Milly Lee grew up in San Francisco's Chinatown. She is a retired school librarian and lives in Sonoma County, California. Yangsook Choi grew up in Korea and holds an M.F.A. from the School of Visual Arts in New York City, where she now lives.
Nim, the protagonist in this sweetly nostalgic trip to San Francisco's Chinatown of 1943, wants desperately to bring in the most newspapers for her school's paper drive-especially after a classmate takes papers that were meant for her. Her eagerness to help in the war effort (and win the contest) vie with her obedience to her Grandfather, as she riskily leaves the neighborhood to collect more papers. But her determination pays off in winning both the contest and the respect of her Grandfather for her patriotism. Lee and Choy, each making a publishing debut, are paired with enormous success: their work has a clear symbiosis. Choi paints with a soothing clarity of line and a rich palette infused with yellow, "aging" undertones. The seasoned visuals enhance Lee's text, which, while lengthy for the picture-book format, offers thought-provoking insights into Chinese American family life and the stresses of having an Asian heritage during the war with Japan. Ages 6-up. (Mar.)
Gr 2-4‘Nim, a young Chinese-American girl, lives with her multigenerational family in San Francisco's Chinatown. World War II is ongoing, and she is absorbed in the last day of a competition to gather more newspapers for her school's paper drive than Garland Stephenson, the class bully. Taking her red wagon into the ritzy Nob Hill area for a last search for newsprint, Nim discovers a treasure trove of collected papers, finds a way to transport them to school, and wins the contest. The plot is well structured; the warm affection and unquestioned respect for authority in Nim's home lend even more appeal. Scenes from the family's daily life are effectively described in the narrative and illustrated in the soft contours and muted earth tones of the full-page paintings. Grandfather's morning Tai Chi practice, Grandmother's bound feet, the polite rituals of the family meal, and the scheduled lessons at Nim's late-day Chinese school all take readers into life in Chinatown in the mid-20th century. Based on the author's childhood memories, Nim's story celebrates the patriotism of Asian family members in embracing their new home and country and their efforts to maintain their cultural traditions. A fine addition.‘Shirley Wilton, Ocean County College, Toms River, NJ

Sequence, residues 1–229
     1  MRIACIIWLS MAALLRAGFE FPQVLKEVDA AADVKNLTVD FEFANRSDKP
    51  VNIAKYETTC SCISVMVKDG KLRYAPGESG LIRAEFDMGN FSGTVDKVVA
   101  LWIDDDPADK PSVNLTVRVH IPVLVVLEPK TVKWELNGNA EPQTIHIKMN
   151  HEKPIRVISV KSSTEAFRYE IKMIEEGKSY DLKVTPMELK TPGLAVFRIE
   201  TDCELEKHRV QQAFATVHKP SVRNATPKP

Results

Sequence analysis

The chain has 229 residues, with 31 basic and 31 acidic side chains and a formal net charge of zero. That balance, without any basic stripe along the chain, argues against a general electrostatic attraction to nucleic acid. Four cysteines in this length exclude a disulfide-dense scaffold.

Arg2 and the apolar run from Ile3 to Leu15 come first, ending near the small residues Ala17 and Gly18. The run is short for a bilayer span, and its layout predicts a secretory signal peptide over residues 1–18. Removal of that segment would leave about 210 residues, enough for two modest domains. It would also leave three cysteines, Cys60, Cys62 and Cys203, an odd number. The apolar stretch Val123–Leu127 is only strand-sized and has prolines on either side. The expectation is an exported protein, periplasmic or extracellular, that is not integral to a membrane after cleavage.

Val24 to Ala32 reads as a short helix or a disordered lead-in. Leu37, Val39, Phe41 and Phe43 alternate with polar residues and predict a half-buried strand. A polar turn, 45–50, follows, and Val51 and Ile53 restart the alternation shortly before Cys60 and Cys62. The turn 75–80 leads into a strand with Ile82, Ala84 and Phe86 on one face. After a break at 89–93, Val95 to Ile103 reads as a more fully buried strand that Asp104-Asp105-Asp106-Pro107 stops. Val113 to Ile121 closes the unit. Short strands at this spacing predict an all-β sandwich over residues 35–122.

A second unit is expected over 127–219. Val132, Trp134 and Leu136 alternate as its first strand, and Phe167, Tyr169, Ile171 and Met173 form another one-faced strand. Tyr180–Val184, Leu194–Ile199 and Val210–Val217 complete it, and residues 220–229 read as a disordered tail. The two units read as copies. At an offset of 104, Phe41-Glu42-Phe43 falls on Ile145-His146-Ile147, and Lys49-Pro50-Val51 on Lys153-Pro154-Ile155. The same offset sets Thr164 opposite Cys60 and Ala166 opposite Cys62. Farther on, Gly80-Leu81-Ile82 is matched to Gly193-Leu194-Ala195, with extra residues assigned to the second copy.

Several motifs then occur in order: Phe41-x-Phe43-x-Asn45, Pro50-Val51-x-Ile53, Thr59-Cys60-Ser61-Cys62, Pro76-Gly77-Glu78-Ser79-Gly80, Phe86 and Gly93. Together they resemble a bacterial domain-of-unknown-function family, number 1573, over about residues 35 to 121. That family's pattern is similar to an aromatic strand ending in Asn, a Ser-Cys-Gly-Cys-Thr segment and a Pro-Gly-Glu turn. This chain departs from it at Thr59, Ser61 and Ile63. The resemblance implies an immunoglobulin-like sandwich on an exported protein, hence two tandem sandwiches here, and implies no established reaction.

Based on the author's childhood memories, Nim's story celebrates the patriotism of Asian family members in embracing their new home and country and their efforts to maintain their cultural traditions. A fine addition. - School Library Journal